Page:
Press Releases

Senators Feinstein and Kyl Alarmed at Security Failures in U.S. Passport Process

- Four U.S. passports issued with counterfeit documents according to new government report -

Washington, D.C. –U.S. Senators Dianne Feinstein (D-Calif.) and Jon Kyl (R-Ariz.) expressed alarm about the security of the U.S. passport issuance process in the wake of a new government report released today.

The report by the Government Accountability Office (GAO) found potential terrorists or criminals could steal an American’s identity, and with basic counterfeiting skills, create fraudulent documents to obtain a genuine U.S. passport from the U.S. State Department.

"The GAO’s findings have affirmed our worst fears – that U.S. passports are not secure and have been unlawfully issued by the U.S. State Department," Senator Feinstein said. "These passports can be used to purchase a weapon, fly overseas, or open a fraudulent bank account. This puts our nation in grave danger."

"A U.S. passport is a key to virtually anywhere in the world," Senator Kyl said. "It's very troubling that in the years since the September 11 attacks someone could use fraudulent documents to obtain a U.S. passport."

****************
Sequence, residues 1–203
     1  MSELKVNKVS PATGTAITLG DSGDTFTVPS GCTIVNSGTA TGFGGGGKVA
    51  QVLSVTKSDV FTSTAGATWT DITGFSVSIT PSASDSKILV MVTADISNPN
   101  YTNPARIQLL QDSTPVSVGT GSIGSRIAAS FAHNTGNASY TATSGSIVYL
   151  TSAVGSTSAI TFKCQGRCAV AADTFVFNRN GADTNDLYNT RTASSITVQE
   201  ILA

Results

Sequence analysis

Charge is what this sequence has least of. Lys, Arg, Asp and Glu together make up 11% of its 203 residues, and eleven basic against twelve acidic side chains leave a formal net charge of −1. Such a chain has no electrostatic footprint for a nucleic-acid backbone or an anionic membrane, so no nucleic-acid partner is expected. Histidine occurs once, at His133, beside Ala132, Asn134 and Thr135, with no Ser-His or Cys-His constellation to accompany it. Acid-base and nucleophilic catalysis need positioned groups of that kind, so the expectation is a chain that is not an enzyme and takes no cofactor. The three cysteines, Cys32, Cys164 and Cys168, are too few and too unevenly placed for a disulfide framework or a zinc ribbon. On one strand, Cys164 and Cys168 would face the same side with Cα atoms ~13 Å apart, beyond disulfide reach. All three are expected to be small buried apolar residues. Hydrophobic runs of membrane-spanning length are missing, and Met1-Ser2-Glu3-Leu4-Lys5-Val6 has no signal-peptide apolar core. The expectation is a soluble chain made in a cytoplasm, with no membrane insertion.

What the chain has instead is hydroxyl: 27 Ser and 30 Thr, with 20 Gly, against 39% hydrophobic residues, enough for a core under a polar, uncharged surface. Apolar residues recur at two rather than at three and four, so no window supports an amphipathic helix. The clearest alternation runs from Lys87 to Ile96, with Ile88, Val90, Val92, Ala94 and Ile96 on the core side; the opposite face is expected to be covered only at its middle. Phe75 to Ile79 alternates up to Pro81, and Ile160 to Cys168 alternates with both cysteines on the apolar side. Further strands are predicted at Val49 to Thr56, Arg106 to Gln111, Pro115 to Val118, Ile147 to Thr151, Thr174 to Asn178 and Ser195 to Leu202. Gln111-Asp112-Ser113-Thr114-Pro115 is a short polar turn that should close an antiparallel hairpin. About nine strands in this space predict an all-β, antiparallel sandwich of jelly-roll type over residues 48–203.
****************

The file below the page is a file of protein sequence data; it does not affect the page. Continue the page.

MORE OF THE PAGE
Senators Feinstein and Kyl requested the report by the GAO to examine whether the U.S. State Department’s passport application process is vulnerable to fraud.

As part of the GAO’s examination, an investigator applied for passports at three United States Postal Service locations and a U.S. Department of State passport office using counterfeit documents and falsely used valid Social Security numbers. The investigator applied for each of the four passports using four different names.

The GAO created counterfeit documents for four fictitious or deceased individuals using off-the-shelf, commercially available hardware, software and materials. Four driver’s licenses and four counterfeit birth certificates were presented as documentation for the passport applications. The Social Security numbers used did not match counterfeit documents presented at the time of the passport applications. State and Postal Service employees did not identify the GAO’s documents as counterfeit.

One passport was obtained using counterfeit documents and the Social Security number of a man who died in 1965. Another passport was obtained using the genuine Social Security number of a 5-year-old child – even though the applicant’s other documents stated that he was 53 years old.

The GAO investigator later purchased an airline ticket under the name used on one of the fraudulent passports. He used the passport as proof of identity to check in to his flight, obtain a boarding pass and pass through the security checkpoint at a major U.S. airport.

The senators will continue their oversight of this matter and are working on legislation to address these security vulnerabilities.